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Slain girls' good-bye full of tears, faith

Coffin

Funeral services in Paducah for 3 shot Monday

December 5, 1997
Web posted at: 10:00 p.m. EST (0300 GMT)

PADUCAH, Kentucky (CNN) -- Amidst a sea of flowers and expressions of deep faith, a Kentucky community said a tearful good-bye Friday to three teen-age girls slain Monday as they gathered with friends in a prayer circle at a local high school.

Thousands of classmates, family and friends gathered at Bible Baptist Church in Paducah for the funerals of Jessica James, 17, Nicole Hadley, 14, and Kayce Steger, 15, who were eulogized as "three of the finest young people in our community."

"I can imagine them sitting up [in heaven], looking down, asking us, 'Don't cry, because I'm in a better place.' They just got there a little bit sooner than the rest of us," said Ben Strong, 17, a classmate credited with saving lives by talking the alleged gunman, Michael Carneal, into stopping his shooting rampage at Heath High School in West Paducah.

Scenes from the funeral
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  • The service began with photos of the three slain girls displayed on giant television screens hanging from the roof of the sanctuary, as mourners listened to the strains of "Amazing Grace."

    Three white coffins, covered with messages from friends and classmates, sat at the front of the church. Framed collages of photographs, capturing scenes from each of the girls' lives, sat nearby, amidst a sea of flower arrangements and mementos.

    Services televised at families' request

    Condolences have been offered from people across the United States and around the world. At the families' request, the funeral service was televised so that the country could share in their grief. Many businesses in the small Western Kentucky community closed for the service.

    The choir from Health High sang the "Prayer of St. Francis," which includes the lines "where there is sadness, let there be joy" and "where there is hatred, let me so love."

    Kelly Carneal, the sister of the 14-year-old boy who allegedly shot the girls, is a member of the school choir and sang during the funeral, after family members of the victims gave their assent.

    The pastors of each of the girls rose to offer tributes, to provide words of comfort to the families they left behind -- and to try to answer the question of why three young girls were so suddenly cut down.

    "It escapes all logic. We aren't able to understand all things. It is a matter of faith ... to trust that God is in control," said Rev. Tom Hughes, of Kevil Baptist Church, which Jessica James attended.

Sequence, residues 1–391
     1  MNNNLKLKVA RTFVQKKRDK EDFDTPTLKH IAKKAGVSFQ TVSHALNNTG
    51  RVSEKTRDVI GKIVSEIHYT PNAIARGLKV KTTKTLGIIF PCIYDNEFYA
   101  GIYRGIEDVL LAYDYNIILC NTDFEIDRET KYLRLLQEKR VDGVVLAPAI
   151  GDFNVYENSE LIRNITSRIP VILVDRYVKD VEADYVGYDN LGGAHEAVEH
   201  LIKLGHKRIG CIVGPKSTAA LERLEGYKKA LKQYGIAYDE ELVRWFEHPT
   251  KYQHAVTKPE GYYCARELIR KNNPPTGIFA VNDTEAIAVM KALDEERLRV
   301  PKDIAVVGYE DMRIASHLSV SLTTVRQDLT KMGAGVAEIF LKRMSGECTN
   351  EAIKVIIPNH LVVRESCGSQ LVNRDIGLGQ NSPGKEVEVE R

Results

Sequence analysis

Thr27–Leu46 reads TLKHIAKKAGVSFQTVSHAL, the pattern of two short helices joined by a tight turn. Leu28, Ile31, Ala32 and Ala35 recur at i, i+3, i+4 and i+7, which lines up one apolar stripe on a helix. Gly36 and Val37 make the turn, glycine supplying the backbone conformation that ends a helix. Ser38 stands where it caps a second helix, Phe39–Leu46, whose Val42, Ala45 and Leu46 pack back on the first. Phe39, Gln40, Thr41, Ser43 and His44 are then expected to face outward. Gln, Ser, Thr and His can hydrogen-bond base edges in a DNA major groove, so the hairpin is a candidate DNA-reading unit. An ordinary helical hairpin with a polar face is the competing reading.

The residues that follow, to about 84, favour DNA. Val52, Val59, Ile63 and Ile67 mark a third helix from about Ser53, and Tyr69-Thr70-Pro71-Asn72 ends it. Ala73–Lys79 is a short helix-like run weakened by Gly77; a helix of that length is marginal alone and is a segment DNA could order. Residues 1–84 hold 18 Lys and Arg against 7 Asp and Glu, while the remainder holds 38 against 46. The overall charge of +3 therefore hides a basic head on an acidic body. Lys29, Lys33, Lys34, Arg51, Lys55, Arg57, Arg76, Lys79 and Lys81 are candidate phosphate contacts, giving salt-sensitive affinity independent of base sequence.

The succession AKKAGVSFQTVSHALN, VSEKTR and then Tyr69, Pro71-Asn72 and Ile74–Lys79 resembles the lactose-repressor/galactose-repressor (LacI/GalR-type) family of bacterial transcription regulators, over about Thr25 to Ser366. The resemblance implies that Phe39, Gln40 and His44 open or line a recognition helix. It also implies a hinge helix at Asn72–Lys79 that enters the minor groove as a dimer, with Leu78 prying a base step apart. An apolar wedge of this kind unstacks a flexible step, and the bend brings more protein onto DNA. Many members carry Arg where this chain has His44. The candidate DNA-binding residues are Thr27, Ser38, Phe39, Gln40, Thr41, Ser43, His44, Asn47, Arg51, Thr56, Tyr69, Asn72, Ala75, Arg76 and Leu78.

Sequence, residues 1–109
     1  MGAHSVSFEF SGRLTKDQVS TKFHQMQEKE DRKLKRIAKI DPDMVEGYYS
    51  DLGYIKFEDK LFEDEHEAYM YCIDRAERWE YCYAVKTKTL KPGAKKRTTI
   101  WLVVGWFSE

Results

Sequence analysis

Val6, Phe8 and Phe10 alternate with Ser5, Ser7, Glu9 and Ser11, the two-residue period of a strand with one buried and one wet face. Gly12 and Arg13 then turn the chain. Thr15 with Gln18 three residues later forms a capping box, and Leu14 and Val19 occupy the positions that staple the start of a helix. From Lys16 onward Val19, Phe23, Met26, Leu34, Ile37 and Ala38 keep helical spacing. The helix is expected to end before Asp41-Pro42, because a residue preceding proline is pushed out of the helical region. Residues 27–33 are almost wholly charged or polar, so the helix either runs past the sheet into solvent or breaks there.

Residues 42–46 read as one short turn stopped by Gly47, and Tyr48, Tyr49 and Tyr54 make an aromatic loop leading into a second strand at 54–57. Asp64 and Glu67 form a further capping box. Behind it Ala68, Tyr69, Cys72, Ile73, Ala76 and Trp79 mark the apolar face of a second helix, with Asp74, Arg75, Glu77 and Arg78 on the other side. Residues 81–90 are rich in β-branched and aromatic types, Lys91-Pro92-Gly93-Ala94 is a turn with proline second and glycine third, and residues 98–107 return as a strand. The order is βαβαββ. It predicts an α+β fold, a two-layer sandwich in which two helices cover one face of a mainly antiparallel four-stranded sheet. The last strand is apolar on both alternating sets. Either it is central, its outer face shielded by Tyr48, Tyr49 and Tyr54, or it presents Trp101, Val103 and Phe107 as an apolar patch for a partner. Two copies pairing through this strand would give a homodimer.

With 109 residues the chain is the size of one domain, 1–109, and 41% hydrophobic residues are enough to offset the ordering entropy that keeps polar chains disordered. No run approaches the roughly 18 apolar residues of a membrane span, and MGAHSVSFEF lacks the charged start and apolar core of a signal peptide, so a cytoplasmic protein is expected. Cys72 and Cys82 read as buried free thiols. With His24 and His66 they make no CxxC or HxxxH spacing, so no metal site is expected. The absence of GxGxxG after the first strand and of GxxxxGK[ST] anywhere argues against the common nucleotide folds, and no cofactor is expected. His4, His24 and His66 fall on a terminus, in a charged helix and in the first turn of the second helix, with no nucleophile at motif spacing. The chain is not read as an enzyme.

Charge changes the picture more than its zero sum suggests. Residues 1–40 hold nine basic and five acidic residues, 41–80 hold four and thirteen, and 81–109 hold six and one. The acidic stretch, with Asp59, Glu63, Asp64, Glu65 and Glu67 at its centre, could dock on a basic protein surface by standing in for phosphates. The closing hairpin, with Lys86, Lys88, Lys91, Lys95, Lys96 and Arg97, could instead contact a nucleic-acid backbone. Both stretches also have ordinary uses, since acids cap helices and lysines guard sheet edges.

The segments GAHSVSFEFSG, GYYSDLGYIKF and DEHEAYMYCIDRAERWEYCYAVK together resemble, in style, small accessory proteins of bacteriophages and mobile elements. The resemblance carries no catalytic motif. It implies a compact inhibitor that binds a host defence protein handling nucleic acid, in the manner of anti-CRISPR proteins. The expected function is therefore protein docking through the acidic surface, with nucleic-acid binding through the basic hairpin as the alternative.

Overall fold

Hughes quoted a Bible passage from the book of Romans: "And we know, that all things work together for good to those who love God, to those who are called according to his purpose."

    Pastor: 'You've got to be willing to forgive'

    Choir

    "We're more than sure that when bad things happen, if we'll make the right choices, good things will come out of it," said Rev. Don Young of Bible Baptist Church, the church attended by Nicole Hadley.

    "You've got to be willing to forgive and say, 'God, get something good out of something bad.' And if you'll make that choice ... God will do it."

    "This community won't ever be the same. I will never quite be the same," Young said.

    Second interrogation yields no new clues

    Michael Carneal, 14, a freshman at Heath High, stands accused of entering the school and firing into a group of about 40 Christian students who had gathered in a hallway to pray. In addition to the three girls who were killed, five other students were wounded, including a girl who is now paralyzed from the waist down.

    Michael Carneal

    Carneal allegedly obtained a cache of weapons and ammunition in a burglary on Thanksgiving Day. He has been charged, as a junvenille, with murder, attempted murder and burglary and could face 25 years to life in prison if convicted.

    Authorities interviewed Carneal for a second time on Thursday, but the interview yield no new information on a motive for the shooting.

    During his first interrogation, Carneal mentioned a 1995 film called "The Basketball Diaries," in which the main character shoots his classmates during a dream sequence. But Sheriff Frank Augustus says he doubts the movie played a role in the crime.

    Authorities say Carneal also mentioned that he had talked of his plan to shoot classmates with others. Police have questioned classmates and friends, some of whom have hired lawyers. But Augustus says no additional arrests are expected soon.

    Correspondent John Holliman contributed to this report.

     
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